Monday, July 11, 2005

'This ... is London'

What a difference a few days makes. Flush with pride as the host nation for the G8 summit, flush with a victory as the site for the 2012 Summer Olympic games, London awoke to horror on the morning of July 7. That day, three suicide bombers exploded themselves in subway trains in the London Underground, killing at least 52 people and injuring many more. The authorities are very much on the case and expect to soon have the identities of those involved, in no small part because of the relentless, almost Orwellian surveillance that is a fundamental part of living in London.

At first the authorities were adamnt that this not be characterized as a suicide bombing -- the very phrase conjures up scenarios of Baghdad and the West Bank, not Hyde Park and Piccadilly, and it's safe to say the British people would have preferred to maintain the distinction. But the stereotypically stiff British upper lip is suddenly forced to come to grips with fundamentalist-style terrorism in a way it hasn't had to deal with since the harrowing heyday of the IRA, assuming, as we must, that we haven't seen the last of such attacks.

In one day, with one event, the stakes are suddenly different. In a trice the notion of Islamic fundamentalist terrorism as an "over there" phenomenon has been soundly kicked to the kerb. In a moment the Muslims that walked the streets and worked the shops of London in relative peace and quiet became the Enemy. What happens now, what happens next will be a true test of British character. How will the authorities react? They're obligated to go into crackdown mode; how discerning will they be?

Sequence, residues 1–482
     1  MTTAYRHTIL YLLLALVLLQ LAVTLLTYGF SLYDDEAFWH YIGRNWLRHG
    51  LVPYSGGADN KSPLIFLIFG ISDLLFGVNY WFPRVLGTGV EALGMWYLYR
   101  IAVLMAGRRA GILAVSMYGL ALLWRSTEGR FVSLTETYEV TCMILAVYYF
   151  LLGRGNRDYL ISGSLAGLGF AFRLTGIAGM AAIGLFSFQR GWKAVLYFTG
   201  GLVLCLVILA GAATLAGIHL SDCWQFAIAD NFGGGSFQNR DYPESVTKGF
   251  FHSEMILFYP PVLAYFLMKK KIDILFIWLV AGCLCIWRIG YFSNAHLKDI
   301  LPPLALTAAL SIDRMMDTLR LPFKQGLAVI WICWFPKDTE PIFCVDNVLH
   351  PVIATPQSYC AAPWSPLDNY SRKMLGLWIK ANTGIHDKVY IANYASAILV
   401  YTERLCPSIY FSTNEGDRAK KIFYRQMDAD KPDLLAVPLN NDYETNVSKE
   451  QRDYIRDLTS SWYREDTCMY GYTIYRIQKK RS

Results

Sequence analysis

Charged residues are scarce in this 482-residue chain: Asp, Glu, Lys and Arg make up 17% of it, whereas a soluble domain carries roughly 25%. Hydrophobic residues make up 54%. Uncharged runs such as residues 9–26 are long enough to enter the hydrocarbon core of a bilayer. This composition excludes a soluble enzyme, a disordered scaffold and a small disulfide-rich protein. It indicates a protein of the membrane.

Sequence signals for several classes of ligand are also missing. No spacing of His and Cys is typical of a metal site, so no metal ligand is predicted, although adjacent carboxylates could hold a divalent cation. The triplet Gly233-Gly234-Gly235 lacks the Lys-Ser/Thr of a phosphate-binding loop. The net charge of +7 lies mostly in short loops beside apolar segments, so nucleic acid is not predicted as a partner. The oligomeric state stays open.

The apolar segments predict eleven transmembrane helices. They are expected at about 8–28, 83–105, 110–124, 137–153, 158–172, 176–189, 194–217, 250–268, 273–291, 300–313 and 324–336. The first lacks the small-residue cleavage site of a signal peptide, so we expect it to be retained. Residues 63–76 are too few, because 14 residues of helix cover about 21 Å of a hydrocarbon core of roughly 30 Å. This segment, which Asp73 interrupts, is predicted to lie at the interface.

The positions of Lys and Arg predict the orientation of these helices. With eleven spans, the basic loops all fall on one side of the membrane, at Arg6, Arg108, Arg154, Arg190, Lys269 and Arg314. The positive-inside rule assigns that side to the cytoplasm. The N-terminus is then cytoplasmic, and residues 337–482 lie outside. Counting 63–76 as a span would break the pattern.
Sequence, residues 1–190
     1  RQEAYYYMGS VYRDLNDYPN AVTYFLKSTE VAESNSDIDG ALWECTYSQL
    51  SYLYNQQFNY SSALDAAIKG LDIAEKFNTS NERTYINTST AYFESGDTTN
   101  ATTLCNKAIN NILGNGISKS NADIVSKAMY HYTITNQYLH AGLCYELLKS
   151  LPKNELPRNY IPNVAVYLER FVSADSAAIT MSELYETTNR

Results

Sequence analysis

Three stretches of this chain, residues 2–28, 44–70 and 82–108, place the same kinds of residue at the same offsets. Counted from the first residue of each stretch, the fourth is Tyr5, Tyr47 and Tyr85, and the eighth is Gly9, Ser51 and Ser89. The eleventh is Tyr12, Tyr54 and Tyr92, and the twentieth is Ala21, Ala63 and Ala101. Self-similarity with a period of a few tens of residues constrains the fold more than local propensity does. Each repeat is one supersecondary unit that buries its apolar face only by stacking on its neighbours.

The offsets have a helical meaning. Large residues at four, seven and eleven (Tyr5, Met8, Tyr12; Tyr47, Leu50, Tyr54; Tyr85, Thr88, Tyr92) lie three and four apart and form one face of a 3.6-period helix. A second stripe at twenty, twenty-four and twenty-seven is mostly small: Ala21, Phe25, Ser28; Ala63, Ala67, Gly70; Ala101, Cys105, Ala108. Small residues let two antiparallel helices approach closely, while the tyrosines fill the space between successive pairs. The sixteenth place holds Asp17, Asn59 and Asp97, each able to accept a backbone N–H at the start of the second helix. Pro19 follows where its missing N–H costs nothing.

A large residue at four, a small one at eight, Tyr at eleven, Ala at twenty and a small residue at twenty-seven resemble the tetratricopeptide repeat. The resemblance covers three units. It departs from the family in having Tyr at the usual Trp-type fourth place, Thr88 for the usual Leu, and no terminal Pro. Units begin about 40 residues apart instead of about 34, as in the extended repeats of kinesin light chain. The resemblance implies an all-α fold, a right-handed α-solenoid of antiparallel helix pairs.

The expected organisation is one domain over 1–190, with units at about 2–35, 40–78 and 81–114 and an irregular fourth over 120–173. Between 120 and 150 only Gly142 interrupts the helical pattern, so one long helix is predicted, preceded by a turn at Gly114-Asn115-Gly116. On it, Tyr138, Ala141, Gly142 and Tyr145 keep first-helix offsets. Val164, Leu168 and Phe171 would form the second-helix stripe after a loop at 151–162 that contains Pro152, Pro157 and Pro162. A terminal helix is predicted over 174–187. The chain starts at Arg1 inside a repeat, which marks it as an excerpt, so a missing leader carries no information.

And hell, never mind the police -- how will the citizens react? Will the proper Anglo-Saxon burghers grab pitchforks and build tumbrels to roll down Piccadilly, screaming "Bring back Enoch Powell!"

As I said, a true test of British character. Many a Londoner walks the streets today remembering Britain's last big test, when a foreign power buzzbombed the city with more silent airborne ordnance in a day then terrorists have in the last ten years, With today's potential of the enemy within, rather than the World War II-era certainty of the enemy from outside, the storied British resolve -- the stiff upper lip from Ealing Studios' central casting department -- faces its greatest challenge since Hitler ran roughshod over Europe.

"This ... is London," Edward R. Murrow said back then from a perch somewhere in the beleagured city. And Britain rose to the occasion and steeled itself against the invader, and stood on its principles rather than its fears, and became an example to the world.

One longs for that Britain again. You hope that, short of ruling the waves, Britannia will at least rule its emotions.

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